The Egyptian automotive market received the news of Britain exiting the European Union (EU) with serious concern. Newspapers and news websites tracking the automotive market in Egypt addressed the impact of that decision on the Egyptian market.
Assumptions about depriving British products of the customs reductions included in the EU-Egypt Association Agreement have made their rounds. Such a decision would raise the prices of these products in the next period.
The agreement between Egypt and the EU triggered a gradual customs reduction on European cars in 2009, which will continue until 2019, at which time European cars will be completely exempt from custom fees.
Daily News Egypt looks at the possible repercussions of these events on nine brands in the Egyptian market that include models manufactured in Britain: MINI, Jaguar, Land Rover, Nissan, Aston Martin, Rolls-Royce, Toyota, and Honda.
Marketing manager of MINI in the Bavarian Auto Group, Ahmed Soliman, said that all MINI models are manufactured in Britain, except for the Countryman model, which is manufactured in the company’s factories in Austria.
Soliman added that MINI’s cars that are manufactured in Britain come to Egypt via Germany. Therefore, imports will be treated as European products and benefit from the customs reductions. The company will not be harmed from Brexit in this regard. However, this still depends on the parent company’s policy in the next period.
He further added that MINI’s most prominent cars in the Egyptian market manufactured in Britain are Clubman, Cooper, Cooper Paceman, Cooper S, and Cooper F55.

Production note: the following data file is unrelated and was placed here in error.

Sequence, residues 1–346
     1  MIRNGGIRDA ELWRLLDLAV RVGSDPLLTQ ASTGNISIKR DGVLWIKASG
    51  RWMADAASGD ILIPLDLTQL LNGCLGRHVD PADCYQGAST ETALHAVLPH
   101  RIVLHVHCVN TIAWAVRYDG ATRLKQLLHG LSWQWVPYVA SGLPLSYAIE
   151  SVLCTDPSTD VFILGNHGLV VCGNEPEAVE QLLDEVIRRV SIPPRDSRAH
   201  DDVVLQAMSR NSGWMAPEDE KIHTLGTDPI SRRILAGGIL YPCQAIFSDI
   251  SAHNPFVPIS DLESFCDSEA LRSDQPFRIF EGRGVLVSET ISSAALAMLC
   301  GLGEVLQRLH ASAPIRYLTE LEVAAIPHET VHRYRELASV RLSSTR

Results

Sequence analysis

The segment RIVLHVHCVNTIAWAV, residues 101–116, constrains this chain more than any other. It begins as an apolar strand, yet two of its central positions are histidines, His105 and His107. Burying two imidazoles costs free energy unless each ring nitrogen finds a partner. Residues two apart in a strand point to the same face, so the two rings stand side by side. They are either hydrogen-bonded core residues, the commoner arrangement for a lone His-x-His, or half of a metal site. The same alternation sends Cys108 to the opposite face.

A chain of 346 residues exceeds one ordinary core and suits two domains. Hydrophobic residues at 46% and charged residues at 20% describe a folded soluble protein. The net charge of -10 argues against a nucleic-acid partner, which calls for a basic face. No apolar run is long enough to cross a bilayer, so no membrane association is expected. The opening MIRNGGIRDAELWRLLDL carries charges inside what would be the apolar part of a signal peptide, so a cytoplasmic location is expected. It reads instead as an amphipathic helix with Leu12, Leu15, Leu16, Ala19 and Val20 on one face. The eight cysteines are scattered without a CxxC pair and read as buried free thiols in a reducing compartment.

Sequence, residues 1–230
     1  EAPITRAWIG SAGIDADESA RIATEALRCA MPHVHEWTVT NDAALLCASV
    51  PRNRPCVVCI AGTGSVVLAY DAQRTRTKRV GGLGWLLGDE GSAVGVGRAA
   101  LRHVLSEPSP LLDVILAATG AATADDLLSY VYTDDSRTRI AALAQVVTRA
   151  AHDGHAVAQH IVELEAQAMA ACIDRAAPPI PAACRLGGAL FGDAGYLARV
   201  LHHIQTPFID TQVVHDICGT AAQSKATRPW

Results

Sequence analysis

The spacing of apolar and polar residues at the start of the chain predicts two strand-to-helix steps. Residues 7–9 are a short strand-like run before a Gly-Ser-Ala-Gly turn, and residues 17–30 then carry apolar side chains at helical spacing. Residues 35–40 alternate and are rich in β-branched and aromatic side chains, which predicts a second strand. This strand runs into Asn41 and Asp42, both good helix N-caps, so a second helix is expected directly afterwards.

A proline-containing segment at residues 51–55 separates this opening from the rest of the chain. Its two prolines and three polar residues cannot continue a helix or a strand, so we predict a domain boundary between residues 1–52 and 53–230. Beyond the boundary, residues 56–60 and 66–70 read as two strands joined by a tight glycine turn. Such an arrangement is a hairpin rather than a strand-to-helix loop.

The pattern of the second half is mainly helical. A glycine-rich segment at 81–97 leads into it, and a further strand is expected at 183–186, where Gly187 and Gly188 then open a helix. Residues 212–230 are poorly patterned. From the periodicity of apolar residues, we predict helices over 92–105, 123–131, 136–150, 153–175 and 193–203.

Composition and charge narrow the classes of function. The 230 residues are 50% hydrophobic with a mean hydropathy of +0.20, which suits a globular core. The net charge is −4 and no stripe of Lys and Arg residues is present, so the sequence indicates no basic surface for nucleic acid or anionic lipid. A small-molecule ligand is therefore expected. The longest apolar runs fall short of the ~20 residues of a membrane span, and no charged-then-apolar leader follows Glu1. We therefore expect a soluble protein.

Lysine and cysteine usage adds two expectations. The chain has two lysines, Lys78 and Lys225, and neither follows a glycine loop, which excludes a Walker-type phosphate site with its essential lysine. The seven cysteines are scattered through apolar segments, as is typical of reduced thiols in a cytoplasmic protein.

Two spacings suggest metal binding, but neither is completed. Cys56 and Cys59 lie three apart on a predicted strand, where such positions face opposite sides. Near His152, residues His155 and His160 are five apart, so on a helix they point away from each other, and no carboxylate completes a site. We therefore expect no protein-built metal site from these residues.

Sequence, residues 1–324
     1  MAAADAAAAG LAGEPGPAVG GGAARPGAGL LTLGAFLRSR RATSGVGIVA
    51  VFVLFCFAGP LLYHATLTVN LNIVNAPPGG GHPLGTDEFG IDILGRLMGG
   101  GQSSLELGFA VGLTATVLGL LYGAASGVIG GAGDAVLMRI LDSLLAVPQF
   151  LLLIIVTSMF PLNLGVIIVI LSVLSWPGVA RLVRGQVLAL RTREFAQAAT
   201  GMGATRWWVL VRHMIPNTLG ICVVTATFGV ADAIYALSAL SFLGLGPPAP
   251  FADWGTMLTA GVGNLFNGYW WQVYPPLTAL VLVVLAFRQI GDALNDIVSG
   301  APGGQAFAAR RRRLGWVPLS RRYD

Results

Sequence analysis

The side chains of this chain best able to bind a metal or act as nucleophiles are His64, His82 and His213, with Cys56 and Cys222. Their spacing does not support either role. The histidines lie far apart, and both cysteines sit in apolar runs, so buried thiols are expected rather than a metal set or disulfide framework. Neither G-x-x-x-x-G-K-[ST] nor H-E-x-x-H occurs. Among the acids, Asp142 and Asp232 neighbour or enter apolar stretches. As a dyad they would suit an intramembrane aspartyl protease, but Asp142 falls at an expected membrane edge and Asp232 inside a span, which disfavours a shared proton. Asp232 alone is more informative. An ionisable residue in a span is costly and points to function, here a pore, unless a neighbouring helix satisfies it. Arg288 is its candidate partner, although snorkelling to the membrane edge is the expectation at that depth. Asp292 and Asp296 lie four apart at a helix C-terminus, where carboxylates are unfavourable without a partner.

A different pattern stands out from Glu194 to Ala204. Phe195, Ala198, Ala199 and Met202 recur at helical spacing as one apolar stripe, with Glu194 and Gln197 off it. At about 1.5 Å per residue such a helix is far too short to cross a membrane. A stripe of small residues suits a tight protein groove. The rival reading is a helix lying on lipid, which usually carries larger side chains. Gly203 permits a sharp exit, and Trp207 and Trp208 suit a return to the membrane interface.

Nissan on the other hand, one of the most prominent companies in the market, will be impacted by Brexit. The company manufactures the Qashqai and Juke in its factories in Britain. Therefore, the import of these two models from the company’s factories in Britain will lose the benefits from the EU-Egypt Association Agreement.
Jaguar and Land Rover, offered in the Egyptian market through their agent MTI Automotive, may be the brands most affected by Britain’s decision. The companies improved their sales performance in the past few years, largely benefitting from the customs reduction.
However, the general manager of MTI Automotive, Ahmed Gharib, believes that discussing the effect of Brexit on British products in the Egyptian market may be premature, saying that his company continues to offer cars with the best prices and after-sales services.
Aston Martin and Rolls-Royce are manufactured in Britain, as well as Toyota’s Auris and Honda’s CR-V.
Models with 1,600 cc or less are subject to 40% custom fees when imported. A 15% sales tax and 3% development fee are also added. As for models with 1,600 cc to 2,000 cc engines, import customs fees stand at 80%, plus a 30% sales tax, and 5% development fee. The customs fees on models with engines larger than 2000 cc reached 135%, plus a 45% sales tax, and 8.5% development fee.
Head of the Egyptian Customs Authority, Magdy Abdel Aziz, said that Brexit means that the customs reductions and exemptions will not be applied to cars or other products imported from Britain.
Abdel Aziz expected Britain’s move to exit the EU to lead to other European countries doing the same.
The real effects of Brexit on exports and imports will not be visible for at least two months, depending on the size of trade.
Sources in the Egyptian Customs Authority expect that Brexit will not affect the agreements preventing double taxation on Britain.
There are over 50 agreements preventing double taxation between Egypt and foreign (including Arab) countries, including agreements with Austria, Algeria, Albania, Belgium, Germany, Russia, the United States, Bahrain, and the United Arab Emirates.